The unconstitutional plan to stop women from traveling out of state for an abortion, explained

“a few jurisdictions in Texas are now breaking with this consensus. As the Washington Post reports, two Texas counties and two Texas cities have passed local ordinances making it illegal to transport someone through one of these counties or cities for the purpose of obtaining an out-of-state abortion.
Notably, this list of anti-abortion localities includes Mitchell County, Texas, a sparse community of about 9,000 people. This matters because Interstate 20, the route that many people traveling from Dallas to New Mexico to receive an abortion will take, passes through Mitchell County. Several other counties with major highways or airports are also considering similar laws.

These ordinances and proposed ordinances largely track model legislation, which anti-abortion activist Mark Lee Dickson shared on Twitter, that is itself modeled after SB 8 — the statewide anti-abortion law that allows private bounty hunters to sue abortion providers and collect bounties of $10,000 or more.

In fairness, Dickson’s model legislation does prohibit such bounty hunter suits from being filed against “the pregnant woman who seeks to abort her unborn child.” But the legislation would potentially allow abortion funds that help pay for abortion care, or anyone who drives a pregnant patient to an out-of-state abortion clinic, to be sued.

Ordinarily, Kavanaugh’s preemptive rejection of travel bans would be a clear sign that these laws will not survive judicial review. But, in Whole Woman’s Health v. Jackson (2021), the Supreme Court effectively shut down federal lawsuits challenging unconstitutional laws that are enforced solely by bounty hunters. And Kavanaugh joined the Court’s decision in Jackson.

The upshot is that these unconstitutional Texas ordinances may succeed, not because they are lawful but because the Supreme Court has largely immunized them from constitutional review.”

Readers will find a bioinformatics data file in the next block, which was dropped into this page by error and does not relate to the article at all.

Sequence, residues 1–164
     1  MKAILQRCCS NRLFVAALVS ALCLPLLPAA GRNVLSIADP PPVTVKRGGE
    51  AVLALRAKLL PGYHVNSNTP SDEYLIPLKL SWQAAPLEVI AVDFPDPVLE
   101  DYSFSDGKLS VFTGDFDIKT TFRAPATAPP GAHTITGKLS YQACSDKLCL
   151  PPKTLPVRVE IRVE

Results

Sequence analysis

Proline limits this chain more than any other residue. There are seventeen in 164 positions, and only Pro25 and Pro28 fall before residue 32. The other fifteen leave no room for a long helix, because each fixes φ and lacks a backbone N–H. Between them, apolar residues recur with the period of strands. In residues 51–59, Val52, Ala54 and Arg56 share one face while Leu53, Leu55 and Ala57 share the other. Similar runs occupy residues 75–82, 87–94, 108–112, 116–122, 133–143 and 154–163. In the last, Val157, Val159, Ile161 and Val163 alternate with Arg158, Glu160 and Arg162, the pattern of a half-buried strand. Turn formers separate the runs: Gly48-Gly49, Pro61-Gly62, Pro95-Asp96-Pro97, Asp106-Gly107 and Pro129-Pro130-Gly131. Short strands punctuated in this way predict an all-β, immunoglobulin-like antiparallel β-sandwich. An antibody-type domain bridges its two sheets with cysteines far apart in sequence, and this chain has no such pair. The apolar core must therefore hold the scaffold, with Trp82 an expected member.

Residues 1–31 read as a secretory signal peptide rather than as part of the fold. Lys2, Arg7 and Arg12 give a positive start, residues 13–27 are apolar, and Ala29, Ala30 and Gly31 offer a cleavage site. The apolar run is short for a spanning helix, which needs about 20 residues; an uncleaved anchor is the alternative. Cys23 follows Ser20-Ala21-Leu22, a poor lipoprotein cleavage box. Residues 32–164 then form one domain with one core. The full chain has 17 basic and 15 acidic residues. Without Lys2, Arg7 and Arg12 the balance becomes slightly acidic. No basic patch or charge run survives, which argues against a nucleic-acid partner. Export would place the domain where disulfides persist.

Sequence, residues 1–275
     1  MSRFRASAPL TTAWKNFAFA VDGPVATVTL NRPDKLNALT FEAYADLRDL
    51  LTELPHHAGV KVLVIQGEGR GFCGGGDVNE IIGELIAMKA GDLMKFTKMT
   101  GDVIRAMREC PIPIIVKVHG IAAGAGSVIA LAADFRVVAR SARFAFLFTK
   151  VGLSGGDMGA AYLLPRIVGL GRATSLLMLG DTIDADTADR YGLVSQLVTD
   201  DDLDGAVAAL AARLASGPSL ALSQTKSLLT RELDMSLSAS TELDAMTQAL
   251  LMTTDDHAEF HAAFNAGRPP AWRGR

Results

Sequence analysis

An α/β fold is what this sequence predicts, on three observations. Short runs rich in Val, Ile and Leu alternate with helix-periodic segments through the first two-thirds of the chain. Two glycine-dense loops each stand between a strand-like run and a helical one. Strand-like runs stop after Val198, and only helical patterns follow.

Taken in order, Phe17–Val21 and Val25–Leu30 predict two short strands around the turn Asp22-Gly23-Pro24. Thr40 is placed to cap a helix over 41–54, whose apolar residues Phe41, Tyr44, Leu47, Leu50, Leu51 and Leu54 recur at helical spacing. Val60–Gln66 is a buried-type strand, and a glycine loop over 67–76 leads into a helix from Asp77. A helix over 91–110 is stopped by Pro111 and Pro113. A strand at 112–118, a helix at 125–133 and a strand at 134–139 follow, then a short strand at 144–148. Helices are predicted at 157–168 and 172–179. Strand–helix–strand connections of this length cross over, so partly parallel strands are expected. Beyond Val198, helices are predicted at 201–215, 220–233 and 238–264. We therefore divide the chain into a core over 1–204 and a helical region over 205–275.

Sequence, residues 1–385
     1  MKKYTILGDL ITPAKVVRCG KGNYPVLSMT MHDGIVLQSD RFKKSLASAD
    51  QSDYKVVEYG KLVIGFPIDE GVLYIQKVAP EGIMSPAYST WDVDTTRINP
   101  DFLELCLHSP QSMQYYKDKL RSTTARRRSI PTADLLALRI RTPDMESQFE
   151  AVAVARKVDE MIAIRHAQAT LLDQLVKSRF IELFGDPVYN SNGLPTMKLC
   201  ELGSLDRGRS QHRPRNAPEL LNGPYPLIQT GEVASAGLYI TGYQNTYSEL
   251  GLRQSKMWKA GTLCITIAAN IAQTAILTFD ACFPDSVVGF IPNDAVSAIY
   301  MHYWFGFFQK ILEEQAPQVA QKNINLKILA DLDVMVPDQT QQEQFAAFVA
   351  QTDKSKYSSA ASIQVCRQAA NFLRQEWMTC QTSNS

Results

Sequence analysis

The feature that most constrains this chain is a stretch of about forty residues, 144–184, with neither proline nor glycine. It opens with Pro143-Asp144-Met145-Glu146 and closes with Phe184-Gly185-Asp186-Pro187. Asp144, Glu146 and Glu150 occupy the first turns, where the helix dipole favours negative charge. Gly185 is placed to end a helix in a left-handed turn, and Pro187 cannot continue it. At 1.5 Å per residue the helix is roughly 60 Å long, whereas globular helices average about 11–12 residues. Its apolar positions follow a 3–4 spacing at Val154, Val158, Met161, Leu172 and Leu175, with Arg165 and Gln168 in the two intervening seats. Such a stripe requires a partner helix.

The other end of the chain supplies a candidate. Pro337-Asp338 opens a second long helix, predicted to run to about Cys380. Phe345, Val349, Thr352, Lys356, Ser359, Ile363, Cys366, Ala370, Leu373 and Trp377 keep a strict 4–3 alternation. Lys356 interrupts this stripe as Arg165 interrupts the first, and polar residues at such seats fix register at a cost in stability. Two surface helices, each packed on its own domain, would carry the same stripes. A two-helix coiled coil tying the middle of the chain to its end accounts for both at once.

Alabama Says Helping With Out-of-State Abortions Is ‘Criminal Conspiracy’

“Alabama’s attorney general is insisting that he has the right to prosecute people who help pregnant women obtain out-of-state abortions. In a court filing earlier this week, Steve Marshall said such actions amount to criminal conspiracy.”

Mexico’s Supreme Court decriminalizes abortion nationwide

“Mexico’s Supreme Court threw out all federal criminal penalties for abortion Wednesday, ruling that national laws prohibiting the procedure are unconstitutional and violate women’s rights in a sweeping decision that extended Latin America’s trend of widening abortion access.”

Texas Attorney General Blocks Injunction, Will Keep Enforcing Anti-Abortion Law

“According to the lawsuit, two plaintiffs experienced severe complications from miscarriages that went untreated due to the ban. The three other plaintiffs had fetuses with severe abnormalities that carried high risks of medical complications for the mother, like hemorrhaging.
Texas law currently bans almost all abortions, providing an exception only in the case of a “medical emergency,” defined as a “life-threatening physical condition aggravated by, caused by, or arising from a pregnancy that, as certified by a physician, places the woman in danger of death or a serious risk of substantial impairment of a major bodily function unless an abortion is performed.”

In their lawsuit, plaintiffs argue the law is too vague, leading doctors to deny them abortions—placing the women at risk—due to concerns that the women were not in sufficiently imminent danger of death for doctors to risk possible prosecution if they performed an abortion. Under the law, doctors who perform illegal abortions face life in prison.